Allan Massie: Mystery over forgotten virtue of kicking ball with both feet

Owen Farrell of Saracens. Picture: Getty
Owen Farrell of Saracens. Picture: Getty
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OWEN Farrell kicked off for Saracens against Toulon last Sunday. The ball was fielded and in a moment passed back to Jonny Wilkinson who sent it 30 or so yards up field into touch.

Nothing remarkable about that, routine stuff. Nothing remarkable either in the fact that Wilkinson, a natural left-footer, used his right boot on this occasion; we all know that he can kick with either foot and, indeed, his most famous drop goal, to win the World Cup in 2003, was delivered from his right – or wrong – foot.

Yet this is worth dwelling on because so few of today’s highly trained professional players possess this skill. You probably don’t need the fingers of both hands to count the number of contemporary internationals equally comfortable on either foot. Among Scots, Mike Blair is the only one who comes to mind.

It’s very odd, if only because things were different, and better, in the old amateur days. Players such as Jackie Kyle, Ken Scotland and Gordon Waddell were, like Wilkinson, equally adept with either foot. Admittedly, before restrictions on kicking direct into touch were introduced in the mid Sixties, full backs and fly-halves were required to master this skill if they were to be successful. Watching Ken Scotland, for instance, the only clue to which was his natural kicking foot was that he took place kicks right-footed. But my last vivid memory of him was in a match for the North-Midlands against Australia on a miserably cold day in Aberdeen when he fielded a ball 40 yards out near the right touchline, swivelled and unleashed a left-footed drop-kick which soared over the top of the nearer goal-post.

Few people are naturally able to kick with either foot, but it’s a skill that can be learned. It can even be learned quite quickly if you practise enough.

I had an Irish friend at school with ambitions to play for the first XV. There was no obvious candidate for the full-back position in the coming season. So he spent hours of the summer developing the ability to use his left foot. He got the position. What puzzles me is why so few professional players seem willing to devote half an hour a day to learning how to kick well with their wrong foot. They would be so much more useful to their team if they did.

My remarks last week about the comparative unimportance of the Lions seem to have raised a few hackles. It appears that some people do indeed care as passionately about the Lions as they do about Scotland or their own club. All I can do in reply is quote Sam Goldwyn and say, “include me out”. Of course, Lions tours and Test matches produce a lot of good, and often gripping, rugby, and I get a lot of enjoyment from watching it. But the results don’t matter to me half as much as other ones.

Moreover, I deplore the tendency to treat the Six Nations in a Lions year as a series of Lions trials. It’s quite natural that Sky’s rugby programmes should do this. Sky covers the Lions but not the Six Nations. So they have their regular “Lions Watch”, and we all quite happily spend hours discussing the composition of the Lions party. No doubt, too, players do indeed regard selection for the Lions as a high point in their career and find the tour immensely enjoyable. But I still think the Six Nations matters more, and should matter more. That’s all.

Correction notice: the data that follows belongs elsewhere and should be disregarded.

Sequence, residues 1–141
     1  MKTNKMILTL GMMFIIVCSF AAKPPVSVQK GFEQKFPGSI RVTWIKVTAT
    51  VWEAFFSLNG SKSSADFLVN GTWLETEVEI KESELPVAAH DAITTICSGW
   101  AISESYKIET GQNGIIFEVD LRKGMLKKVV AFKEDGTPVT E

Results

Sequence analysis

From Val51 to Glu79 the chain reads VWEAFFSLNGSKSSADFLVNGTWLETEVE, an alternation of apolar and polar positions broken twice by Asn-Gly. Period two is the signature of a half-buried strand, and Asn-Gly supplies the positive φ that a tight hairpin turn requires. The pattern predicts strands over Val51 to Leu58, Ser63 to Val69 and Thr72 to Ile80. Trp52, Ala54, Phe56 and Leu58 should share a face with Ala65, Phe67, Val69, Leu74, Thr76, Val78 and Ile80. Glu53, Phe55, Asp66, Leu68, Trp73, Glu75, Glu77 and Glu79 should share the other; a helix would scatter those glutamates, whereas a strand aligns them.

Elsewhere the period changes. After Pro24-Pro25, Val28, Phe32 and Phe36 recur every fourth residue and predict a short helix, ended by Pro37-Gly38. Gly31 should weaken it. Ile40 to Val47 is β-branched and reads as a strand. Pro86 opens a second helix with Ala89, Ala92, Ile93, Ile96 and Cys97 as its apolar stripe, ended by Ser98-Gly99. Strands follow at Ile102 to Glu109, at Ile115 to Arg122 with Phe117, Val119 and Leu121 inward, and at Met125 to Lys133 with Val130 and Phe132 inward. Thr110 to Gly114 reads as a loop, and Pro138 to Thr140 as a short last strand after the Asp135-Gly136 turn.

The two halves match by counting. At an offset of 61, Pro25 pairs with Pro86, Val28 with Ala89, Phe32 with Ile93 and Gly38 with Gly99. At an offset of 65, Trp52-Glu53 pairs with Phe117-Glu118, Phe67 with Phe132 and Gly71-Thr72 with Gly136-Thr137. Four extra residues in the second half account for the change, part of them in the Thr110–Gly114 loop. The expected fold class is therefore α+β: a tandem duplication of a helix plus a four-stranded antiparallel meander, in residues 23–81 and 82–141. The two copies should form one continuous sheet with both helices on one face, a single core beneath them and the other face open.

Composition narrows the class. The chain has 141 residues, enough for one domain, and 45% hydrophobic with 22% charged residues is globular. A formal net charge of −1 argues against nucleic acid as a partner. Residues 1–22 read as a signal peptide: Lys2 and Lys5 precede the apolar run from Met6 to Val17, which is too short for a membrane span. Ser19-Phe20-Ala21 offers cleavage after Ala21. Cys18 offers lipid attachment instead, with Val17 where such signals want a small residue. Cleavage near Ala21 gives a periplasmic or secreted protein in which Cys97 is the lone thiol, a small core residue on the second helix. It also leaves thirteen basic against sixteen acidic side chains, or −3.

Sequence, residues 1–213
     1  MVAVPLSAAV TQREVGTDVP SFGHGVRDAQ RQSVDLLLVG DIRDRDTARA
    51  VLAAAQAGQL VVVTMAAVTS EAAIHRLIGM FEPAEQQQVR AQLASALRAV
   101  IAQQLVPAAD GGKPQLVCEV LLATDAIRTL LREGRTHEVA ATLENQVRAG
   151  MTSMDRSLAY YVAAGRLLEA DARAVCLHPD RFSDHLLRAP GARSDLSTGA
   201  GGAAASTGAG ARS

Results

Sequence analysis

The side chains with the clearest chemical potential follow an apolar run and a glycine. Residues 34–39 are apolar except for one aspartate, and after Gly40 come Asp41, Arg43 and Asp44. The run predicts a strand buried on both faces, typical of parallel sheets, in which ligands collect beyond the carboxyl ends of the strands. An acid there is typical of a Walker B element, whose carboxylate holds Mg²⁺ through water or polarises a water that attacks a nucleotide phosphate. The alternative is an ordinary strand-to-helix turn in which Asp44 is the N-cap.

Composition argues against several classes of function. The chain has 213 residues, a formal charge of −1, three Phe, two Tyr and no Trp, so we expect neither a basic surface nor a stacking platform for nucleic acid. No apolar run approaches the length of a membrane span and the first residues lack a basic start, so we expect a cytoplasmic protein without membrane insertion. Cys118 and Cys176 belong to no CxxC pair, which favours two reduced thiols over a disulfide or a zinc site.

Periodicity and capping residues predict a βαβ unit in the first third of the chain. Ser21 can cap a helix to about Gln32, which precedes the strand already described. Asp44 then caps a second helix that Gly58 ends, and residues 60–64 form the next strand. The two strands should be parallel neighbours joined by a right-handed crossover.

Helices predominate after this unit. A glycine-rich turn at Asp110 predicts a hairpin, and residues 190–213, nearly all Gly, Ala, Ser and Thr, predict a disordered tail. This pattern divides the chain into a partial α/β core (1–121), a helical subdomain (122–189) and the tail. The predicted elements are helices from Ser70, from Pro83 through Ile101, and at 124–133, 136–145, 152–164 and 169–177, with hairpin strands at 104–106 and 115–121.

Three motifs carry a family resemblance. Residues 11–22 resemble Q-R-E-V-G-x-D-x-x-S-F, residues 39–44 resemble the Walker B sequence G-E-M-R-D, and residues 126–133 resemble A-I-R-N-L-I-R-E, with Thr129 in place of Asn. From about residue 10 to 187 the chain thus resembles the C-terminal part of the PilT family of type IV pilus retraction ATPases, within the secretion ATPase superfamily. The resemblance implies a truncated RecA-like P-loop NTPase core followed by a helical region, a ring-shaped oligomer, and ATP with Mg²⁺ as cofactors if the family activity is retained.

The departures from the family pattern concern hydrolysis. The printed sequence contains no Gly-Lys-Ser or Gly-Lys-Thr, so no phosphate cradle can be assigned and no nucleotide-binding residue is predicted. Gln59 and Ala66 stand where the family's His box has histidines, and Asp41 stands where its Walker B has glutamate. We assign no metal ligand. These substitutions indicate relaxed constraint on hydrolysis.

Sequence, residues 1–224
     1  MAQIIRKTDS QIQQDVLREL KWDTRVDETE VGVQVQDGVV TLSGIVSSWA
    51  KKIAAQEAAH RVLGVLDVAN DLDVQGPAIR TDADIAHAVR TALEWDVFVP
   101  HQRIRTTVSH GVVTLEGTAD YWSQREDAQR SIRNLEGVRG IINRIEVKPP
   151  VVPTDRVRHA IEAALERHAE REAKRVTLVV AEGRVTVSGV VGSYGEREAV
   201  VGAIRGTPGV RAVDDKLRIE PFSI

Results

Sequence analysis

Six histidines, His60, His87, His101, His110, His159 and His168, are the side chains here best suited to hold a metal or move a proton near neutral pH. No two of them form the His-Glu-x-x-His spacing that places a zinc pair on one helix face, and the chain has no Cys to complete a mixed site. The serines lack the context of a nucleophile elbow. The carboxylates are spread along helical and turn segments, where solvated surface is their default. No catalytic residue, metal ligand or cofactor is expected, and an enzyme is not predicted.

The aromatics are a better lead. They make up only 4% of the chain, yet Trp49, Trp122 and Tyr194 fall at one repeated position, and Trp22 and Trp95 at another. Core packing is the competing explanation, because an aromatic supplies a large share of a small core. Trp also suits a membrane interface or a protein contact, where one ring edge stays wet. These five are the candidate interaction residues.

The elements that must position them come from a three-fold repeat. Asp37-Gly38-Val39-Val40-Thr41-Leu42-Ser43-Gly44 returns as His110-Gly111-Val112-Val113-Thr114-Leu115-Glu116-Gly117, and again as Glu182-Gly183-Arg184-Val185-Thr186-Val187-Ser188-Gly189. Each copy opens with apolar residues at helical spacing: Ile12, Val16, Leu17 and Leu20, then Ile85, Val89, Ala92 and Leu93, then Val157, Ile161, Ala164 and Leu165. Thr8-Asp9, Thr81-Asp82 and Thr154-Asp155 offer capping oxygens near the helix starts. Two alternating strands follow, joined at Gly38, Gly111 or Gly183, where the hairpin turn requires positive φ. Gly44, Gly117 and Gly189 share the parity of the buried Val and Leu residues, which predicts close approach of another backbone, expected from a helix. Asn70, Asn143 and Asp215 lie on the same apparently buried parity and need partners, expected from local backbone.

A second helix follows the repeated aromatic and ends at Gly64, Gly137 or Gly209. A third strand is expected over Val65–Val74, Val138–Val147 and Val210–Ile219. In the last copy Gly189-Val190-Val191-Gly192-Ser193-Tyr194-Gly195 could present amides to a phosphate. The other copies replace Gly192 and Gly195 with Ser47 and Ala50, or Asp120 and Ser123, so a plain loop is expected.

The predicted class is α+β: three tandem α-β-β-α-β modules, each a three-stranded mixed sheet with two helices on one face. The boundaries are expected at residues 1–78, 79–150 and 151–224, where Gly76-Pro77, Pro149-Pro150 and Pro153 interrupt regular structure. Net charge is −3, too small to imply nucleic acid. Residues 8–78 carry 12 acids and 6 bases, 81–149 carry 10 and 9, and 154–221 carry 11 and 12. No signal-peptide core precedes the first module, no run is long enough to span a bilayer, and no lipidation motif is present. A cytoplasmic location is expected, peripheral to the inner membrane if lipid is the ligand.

As to the composition of the party, we would doubtless all have liked to see a few more Scots get the nod, and four or five of those omitted must have been very close to selection. 
But, as David Ferguson observed this week, selection of players is, to some extent, determined by the selection of the coaching panel. This isn’t evidence of bias or favouritism. Coaches are happy with the players they know best.

Omissions may be explained in the same way. There were many fans and pundits who thought that Perpignan’s Welsh fly-half James Hook would, and should, have been selected. This always seemed unlikely, because neither Warren Gatland nor Rob Howley has picked him to start for Wales, both preferring Rhys Priestland. When Priestland was injured this season, Howley selected Dan Biggar rather than Hook.

Biggar seems to me unlucky. I would have picked him as the second stand-off ahead of Owen Farrell because he has been the best fly-half in this year’s Six Nations, with Jonny Sexton playing only a game and a half. So coaches determine selection: if there had been a Munster man on the panel, young Peter O’Mahoney would surely be on the plane.

The three Scots chosen all deserve to be there, and it would be no surprise to see Sean Maitland and Richie Gray in the Test XV, with Stuart Hogg on the bench. Maitland is the most complete rugby player of the four wings selected, and I was pretty sure he would go – even though I was unaware that Warren Gatland had picked him for a schools’ team when Maitland was boy in Waikato – another example of a coach being happy to pick a player he knows well.

Anyway, we shall see. Despite my reservations about the importance of the Lions, it should all be great fun and we have a treat to look forward to.